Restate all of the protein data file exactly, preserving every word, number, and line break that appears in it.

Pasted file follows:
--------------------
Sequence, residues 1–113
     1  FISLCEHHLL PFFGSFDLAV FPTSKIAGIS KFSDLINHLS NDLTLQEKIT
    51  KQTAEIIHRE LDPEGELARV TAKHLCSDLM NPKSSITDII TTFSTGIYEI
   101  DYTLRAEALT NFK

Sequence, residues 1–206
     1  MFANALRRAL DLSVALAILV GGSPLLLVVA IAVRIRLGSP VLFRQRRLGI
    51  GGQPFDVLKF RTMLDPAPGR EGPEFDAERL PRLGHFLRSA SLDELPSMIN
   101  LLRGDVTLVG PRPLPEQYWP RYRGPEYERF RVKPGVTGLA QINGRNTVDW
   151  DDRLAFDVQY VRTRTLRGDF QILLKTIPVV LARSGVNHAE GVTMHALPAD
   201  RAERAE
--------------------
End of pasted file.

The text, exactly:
Sequence, residues 1–113
     1  FISLCEHHLL PFFGSFDLAV FPTSKIAGIS KFSDLINHLS NDLTLQEKIT
    51  KQTAEIIHRE LDPEGELARV TAKHLCSDLM NPKSSITDII TTFSTGIYEI
   101  DYTLRAEALT NFK

Sequence, residues 1–206
     1  MFANALRRAL DLSVALAILV GGSPLLLVVA IAVRIRLGSP VLFRQRRLGI
    51  GGQPFDVLKF RTMLDPAPGR EGPEFDAERL PRLGHFLRSA SLDELPSMIN
   101  LLRGDVTLVG PRPLPEQYWP RYRGPEYERF RVKPGVTGLA QINGRNTVDW
   151  DDRLAFDVQY VRTRTLRGDF QILLKTIPVV LARSGVNHAE GVTMHALPAD
   201  RAERAE